While I try to intermix artificial puzzles with real-life uses of rational thinking, sometimes the incorrect use of words to win arguments in real life overwhelms me in waves. Of course this most often happens during the electioneering season, but since we have evolved from having periodic elections to a continuous campaign, political malpractice of logic has become too common to comment on.
My most recent episode of mental whiplash came when I turned on PBS in the middle of a diatribe by an obviously upset woman who was complaining that some allocation of a scarce resource had been made by matching the resource to the existing statistical distribution of need. Whether this was the best way to distribute the resource or not is unknown. However, the reason she was complaining is interesting. She wanted a rational distribution, not one based on stereotypes.
Since I was driving at the time, her argument almost got by me. I assume many in her audience were sympathetic to her anger. How could authorities be so crass as to base their largess on stereotypes? Many injustices are done by bigots and perverts who dehumanize their opponents by lumping them all into unsupported stereotypes and then doing bad things to them.
The problem is the subtle transition from statistics to stereotypes. We all do it to some degree or another, often without thinking about it. So what is a stereotype? From my Merriam-Webster:
1 : a plate cast from a printing surface
2 : something conforming to a fixed or general pattern; especially : a standardized mental picture that is held in common by members of a group and that represents an oversimplified opinion, prejudiced attitude, or uncritical judgment
The first definition carries the implication of a faithful copy, but nothing in the second definition requires a stereotype to be based on reality. In fact, there is a presumption (exploited by the upset woman on the radio) that a stereotype is by definition built at least partly on a false premise. If you can successfully accuse someone of thinking in stereotypes, then you have tarred your opponent with an implied falsehood.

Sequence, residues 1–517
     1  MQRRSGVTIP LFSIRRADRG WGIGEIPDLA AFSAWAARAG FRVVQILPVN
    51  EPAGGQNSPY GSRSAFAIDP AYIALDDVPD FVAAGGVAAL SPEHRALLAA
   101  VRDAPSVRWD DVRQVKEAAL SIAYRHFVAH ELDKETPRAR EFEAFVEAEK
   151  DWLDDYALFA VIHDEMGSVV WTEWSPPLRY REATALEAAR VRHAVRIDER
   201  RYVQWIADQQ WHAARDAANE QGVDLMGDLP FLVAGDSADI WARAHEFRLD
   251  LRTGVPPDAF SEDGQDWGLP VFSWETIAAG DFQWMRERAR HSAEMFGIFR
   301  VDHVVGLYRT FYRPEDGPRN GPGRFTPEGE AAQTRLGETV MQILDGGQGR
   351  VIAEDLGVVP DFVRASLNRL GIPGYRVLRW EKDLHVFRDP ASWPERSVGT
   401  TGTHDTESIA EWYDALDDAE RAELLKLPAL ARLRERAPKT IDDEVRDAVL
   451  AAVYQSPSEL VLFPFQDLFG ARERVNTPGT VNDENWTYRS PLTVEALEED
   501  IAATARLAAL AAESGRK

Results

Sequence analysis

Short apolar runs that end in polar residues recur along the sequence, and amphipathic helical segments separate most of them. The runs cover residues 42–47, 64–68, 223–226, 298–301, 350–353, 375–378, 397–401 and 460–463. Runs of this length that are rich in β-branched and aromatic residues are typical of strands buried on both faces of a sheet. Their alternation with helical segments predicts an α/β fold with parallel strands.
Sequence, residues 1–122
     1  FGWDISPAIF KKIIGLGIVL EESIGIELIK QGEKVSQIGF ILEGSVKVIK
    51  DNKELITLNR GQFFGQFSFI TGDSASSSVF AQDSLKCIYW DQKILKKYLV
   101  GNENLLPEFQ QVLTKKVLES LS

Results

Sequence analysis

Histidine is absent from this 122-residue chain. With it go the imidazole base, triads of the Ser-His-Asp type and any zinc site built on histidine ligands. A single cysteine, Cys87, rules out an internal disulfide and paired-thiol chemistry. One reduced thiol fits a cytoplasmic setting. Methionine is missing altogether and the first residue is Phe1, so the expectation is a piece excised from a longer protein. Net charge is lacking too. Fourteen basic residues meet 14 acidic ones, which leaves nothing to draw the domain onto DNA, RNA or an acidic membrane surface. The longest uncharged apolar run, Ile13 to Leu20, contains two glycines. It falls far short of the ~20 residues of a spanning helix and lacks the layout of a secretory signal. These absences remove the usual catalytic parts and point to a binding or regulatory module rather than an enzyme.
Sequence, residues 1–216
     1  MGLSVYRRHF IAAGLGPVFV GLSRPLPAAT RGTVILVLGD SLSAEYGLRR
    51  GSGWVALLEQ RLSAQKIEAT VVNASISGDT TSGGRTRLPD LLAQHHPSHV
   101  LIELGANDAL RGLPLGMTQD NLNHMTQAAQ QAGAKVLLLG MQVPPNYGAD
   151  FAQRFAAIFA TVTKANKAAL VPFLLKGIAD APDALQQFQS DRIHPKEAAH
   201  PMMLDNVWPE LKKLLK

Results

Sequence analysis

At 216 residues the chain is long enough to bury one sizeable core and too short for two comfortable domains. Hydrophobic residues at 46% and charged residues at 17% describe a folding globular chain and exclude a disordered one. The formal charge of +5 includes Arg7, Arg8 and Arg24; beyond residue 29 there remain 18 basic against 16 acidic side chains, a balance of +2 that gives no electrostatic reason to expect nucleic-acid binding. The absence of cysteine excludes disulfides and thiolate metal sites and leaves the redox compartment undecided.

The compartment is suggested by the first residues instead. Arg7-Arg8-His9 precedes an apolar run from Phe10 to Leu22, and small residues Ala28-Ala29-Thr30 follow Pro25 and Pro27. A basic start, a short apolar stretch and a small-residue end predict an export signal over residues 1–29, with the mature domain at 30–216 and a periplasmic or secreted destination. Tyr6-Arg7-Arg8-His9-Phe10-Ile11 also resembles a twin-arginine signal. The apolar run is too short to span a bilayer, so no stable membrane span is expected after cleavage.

Contrast this with statistics. Well-posed statistics do not lie, and do not predict. They tell what happened in the past to some accuracy. They do this without rancor or prejudice. That is, well-posed statistics do all these good things. Much that is passed off as statistics is really opinion or conjecture bolstered with nice sounding words. Even worse are the pseudo-statistics taken with a bias in mind and presented in a way that hides the bias.
Distorting what is called statistics would not necessarily cause a problem. But a major difficulty arises when people use statistics (the past) to predict future behavior. Statistics are a powerful tool for prediction — in fact our most powerful tool. But like any powerful tool, they can easily be misapplied.
What about stereotypes? Can they be honestly useful? Maybe some of them are useful. I think if they had no utility they would die out. But that gets us into a discussion of what is truly useful. The woman might have had a valid complaint about how the resources were distributed, but for me she weakened her case by using a sneaky transition from statistics to stereotypes to discredit her opponents. I wish she had done better.
In response to the interest my original tutorial generated, I have completely rewritten and expanded it. Check out the tutorial availability through Lockergnome. The new version is over 100 pages long with chapters that alternate between discussion of the theoretical aspects and puzzles just for the fun of it. Puzzle lovers will be glad to know that I included an answers section that includes discussions as to why the answer is correct and how it was obtained. Most of the material has appeared in these columns, but some is new. Most of the discussions are expanded compared to what they were in the original column format.
[tags]stereotype, statistics, decision theory[/tags]